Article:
Smith’s departure from the team during the middle of the season gave Lemonier a much more prominent role in the rotation and he took advantage of his opportunities. Lemonier provided plenty of pressure to opposing quarterbacks, but only managed to grab one sack in his rookie season. His roles expects to be the same next year backing up Smith and Brooks, but his pass rushing should be more effective with more refining of his technique.
4(128). Quinton Patton, Wide Receiver: B-
Patton was highly productive in college, but his average size made him fall to the middle rounds and the Niners got great value on this pick. Patton was slowed down in training camp with a hand injury but managed to make a huge impression in his lone preseason game. He finally worked his way up the depth chart during the early part of the season, but then suffered a broken foot and did not return until week 16.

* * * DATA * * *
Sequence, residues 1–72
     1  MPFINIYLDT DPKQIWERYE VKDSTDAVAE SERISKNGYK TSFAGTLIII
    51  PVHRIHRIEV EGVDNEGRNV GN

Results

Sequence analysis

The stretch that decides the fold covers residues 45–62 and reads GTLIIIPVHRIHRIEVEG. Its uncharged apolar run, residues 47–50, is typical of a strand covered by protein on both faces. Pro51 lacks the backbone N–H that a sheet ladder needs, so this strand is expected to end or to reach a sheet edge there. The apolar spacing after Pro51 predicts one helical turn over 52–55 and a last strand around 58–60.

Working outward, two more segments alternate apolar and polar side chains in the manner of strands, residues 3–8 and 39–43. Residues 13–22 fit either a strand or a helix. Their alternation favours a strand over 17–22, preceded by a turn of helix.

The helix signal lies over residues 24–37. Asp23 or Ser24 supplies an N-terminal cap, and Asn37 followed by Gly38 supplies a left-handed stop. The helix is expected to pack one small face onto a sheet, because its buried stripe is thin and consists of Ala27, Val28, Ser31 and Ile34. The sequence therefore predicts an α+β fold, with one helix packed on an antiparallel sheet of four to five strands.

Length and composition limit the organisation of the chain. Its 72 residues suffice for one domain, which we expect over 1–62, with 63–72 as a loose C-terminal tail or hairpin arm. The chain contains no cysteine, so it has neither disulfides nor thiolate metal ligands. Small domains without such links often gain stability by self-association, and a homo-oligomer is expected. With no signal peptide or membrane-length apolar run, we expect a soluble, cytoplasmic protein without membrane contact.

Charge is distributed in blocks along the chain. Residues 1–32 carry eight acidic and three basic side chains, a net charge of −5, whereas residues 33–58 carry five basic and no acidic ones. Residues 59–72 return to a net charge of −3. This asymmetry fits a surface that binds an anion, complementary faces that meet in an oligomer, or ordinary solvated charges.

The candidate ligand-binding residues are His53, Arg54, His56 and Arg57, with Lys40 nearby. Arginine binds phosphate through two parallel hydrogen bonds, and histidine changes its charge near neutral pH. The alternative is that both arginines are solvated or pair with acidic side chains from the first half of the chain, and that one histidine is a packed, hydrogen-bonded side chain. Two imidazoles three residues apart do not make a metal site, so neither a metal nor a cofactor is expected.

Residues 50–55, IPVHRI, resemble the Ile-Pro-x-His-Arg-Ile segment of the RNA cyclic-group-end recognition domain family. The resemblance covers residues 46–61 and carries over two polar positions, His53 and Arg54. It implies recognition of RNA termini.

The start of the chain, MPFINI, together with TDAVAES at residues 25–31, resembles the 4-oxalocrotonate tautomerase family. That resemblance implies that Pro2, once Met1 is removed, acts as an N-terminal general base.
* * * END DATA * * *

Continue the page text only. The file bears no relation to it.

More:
He came up big in the final game of the regular season with two big plays that set up the Niners in field goal position two separate times. The second one was a highlight reel catch, as he jumped over a defender to haul in a 29 yard reception along the sideline to set up Phil Dawson‘s 40 yard game winning field goal.
Patton has the ability and work ethic to be a great player in the NFL. He was slowed down by injuries in his rookie year, which lowers his grade with a lack of production. He has plans to work out with Kaepernick this offseason and that should be great for their on-field chemistry and he should earn Kaepernick’s trust in games going forward.
4(131). Marcus Lattimore, Running Back: Incomplete